Thursday 17 May 2018

Anne Frank's 'dirty jokes' found in hidden diary pages

Two new pages from Anne Frank's diary have been published, containing a handful of dirty jokes and her thoughts on sex.

The young Jewish teen's diary, written in hiding from the Nazis, became world-famous when published after her death and at the end of the war.

The hidden pages had been covered with gummed brown paper - apparently to hide her risqué writing from her family.

New imaging techniques have finally allowed researchers to read them.

The entries were written on 28 September 1942, not long after the 13-year-old Anne went into hiding.

"I'll use this spoiled page to write down 'dirty' jokes", she wrote on a page with a handful of crossed-out phrases - and jotted down four dirty jokes she knew.

She added a few dozen lines about sex education, imagining she has to give "the talk" to someone else, and mentioning prostitutes - who she wrote elsewhere that her father had told her about.
"Anne Frank writes about sexuality in a disarming way," said Ronald Leopold of the Anne Frank House museum in Amsterdam. "Like every adolescent she is curious about this subject."

The sentiment was echoed by Frank van Vree, director of the Niod institute, which helped decipher the pages from new photographs taken in 2016.

"Anyone who reads the passages that have now been discovered will be unable to suppress a smile," he said.

"The 'dirty' jokes are classics among growing children. They make it clear that Anne, with all her gifts, was above all also an ordinary girl."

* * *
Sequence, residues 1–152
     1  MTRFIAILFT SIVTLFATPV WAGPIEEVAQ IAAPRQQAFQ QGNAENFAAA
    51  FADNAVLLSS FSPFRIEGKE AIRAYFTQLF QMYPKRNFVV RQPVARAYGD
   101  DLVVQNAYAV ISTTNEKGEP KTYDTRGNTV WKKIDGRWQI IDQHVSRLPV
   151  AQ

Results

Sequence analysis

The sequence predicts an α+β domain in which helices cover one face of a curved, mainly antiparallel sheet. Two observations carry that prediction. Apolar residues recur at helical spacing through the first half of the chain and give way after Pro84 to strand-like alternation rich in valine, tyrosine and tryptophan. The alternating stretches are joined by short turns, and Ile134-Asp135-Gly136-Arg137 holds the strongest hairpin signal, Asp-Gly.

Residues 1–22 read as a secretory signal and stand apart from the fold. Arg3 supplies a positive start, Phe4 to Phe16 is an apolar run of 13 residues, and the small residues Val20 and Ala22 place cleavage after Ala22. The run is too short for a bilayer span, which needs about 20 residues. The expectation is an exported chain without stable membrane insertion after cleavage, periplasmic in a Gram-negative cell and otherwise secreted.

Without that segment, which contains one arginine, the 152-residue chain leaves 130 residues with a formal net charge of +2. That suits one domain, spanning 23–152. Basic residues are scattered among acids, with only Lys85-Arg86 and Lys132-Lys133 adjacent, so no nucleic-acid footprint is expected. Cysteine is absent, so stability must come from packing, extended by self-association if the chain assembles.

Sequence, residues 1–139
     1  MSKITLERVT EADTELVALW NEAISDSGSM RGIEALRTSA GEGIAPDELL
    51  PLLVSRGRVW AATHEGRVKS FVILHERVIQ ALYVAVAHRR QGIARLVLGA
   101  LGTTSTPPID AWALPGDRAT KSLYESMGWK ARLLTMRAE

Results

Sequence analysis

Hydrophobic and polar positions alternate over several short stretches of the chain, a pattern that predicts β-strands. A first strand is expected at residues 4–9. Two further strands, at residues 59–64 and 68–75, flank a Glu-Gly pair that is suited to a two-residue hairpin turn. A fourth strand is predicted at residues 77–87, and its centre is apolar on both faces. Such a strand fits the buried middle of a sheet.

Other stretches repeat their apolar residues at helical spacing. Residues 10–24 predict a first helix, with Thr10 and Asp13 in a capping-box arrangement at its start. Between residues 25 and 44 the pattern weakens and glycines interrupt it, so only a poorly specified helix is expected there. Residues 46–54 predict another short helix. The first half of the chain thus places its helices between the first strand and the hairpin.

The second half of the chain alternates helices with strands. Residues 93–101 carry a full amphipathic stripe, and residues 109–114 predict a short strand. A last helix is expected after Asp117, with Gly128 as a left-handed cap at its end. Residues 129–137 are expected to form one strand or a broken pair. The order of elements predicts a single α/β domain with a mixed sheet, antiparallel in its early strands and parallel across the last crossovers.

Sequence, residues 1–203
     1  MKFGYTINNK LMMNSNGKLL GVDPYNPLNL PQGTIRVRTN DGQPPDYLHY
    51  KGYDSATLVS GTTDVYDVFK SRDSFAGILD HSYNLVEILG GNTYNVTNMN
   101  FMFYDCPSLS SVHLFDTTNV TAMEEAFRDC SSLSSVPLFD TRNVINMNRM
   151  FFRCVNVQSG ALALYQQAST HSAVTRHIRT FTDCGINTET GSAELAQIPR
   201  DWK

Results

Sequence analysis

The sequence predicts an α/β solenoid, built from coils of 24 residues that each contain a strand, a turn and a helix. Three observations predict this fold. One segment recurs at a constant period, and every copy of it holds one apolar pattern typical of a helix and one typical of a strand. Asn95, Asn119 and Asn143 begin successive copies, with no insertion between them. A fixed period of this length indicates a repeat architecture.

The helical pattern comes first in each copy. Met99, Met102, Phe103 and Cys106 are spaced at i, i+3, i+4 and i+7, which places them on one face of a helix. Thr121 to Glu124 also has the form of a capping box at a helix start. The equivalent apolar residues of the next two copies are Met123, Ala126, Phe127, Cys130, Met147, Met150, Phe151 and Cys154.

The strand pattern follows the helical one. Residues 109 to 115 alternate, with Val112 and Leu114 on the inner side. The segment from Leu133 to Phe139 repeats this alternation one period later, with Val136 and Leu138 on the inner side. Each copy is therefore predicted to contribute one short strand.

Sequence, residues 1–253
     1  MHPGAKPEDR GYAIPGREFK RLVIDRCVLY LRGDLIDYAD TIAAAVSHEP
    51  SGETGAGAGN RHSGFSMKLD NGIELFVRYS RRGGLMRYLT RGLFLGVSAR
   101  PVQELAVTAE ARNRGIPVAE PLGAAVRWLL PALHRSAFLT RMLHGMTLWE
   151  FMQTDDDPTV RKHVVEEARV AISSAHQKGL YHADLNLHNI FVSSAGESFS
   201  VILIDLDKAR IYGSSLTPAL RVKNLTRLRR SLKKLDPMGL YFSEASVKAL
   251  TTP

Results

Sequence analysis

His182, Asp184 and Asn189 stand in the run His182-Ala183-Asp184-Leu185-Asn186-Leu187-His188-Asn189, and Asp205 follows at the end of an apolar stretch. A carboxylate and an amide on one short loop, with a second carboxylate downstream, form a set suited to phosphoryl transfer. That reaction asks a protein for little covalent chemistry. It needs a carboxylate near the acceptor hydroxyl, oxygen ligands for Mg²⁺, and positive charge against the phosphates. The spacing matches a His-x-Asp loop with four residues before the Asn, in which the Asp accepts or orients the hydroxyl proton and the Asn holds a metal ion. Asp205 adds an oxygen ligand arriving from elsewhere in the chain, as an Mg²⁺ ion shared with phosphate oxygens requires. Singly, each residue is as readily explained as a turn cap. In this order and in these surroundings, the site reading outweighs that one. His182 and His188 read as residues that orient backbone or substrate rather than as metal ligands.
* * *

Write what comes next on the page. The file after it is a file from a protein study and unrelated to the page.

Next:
One of the jokes reads: "Do you know why the German Wehrmacht girls are in the Netherlands? As mattresses for the soldiers."

Anne Frank's diary, written in hiding from the Nazis, is widely read more
than 70 years after her death
The Anne Frank Museum said this was not the only time the teenage girl wrote about sex - mentioning other jokes she had heard the people in her hidden home tell, or the passages about her periods and sexuality.

Writing about the decision to publish pages that Anne clearly wanted to keep hidden, the museum said that her diary - a Unesco-registered world heritage document - held significant academic interest.

But it also said that the pages "do not alter our image of Anne".

"Over the decades Anne has grown to become the worldwide symbol of the Holocaust, and Anne the girl has increasingly faded into the background," it said in a statement.

"These - literally - uncovered texts bring the inquisitive and in many respects precocious teenager back into the foreground."

Anne Frank went into hiding in a secret annexe of her father's business on 5 July 1942 - about a month after she received a diary for her 13th birthday.

She lived there with her family and their friends, the Van Pels, until their discovery two years later. How they were found after so long in successful hiding remains a mystery.

Anne Frank died of disease in a Nazi death camp in 1945, the year the war ended. Her father, the only family member to survive, published her diary in 1947.

(Source: BBC)

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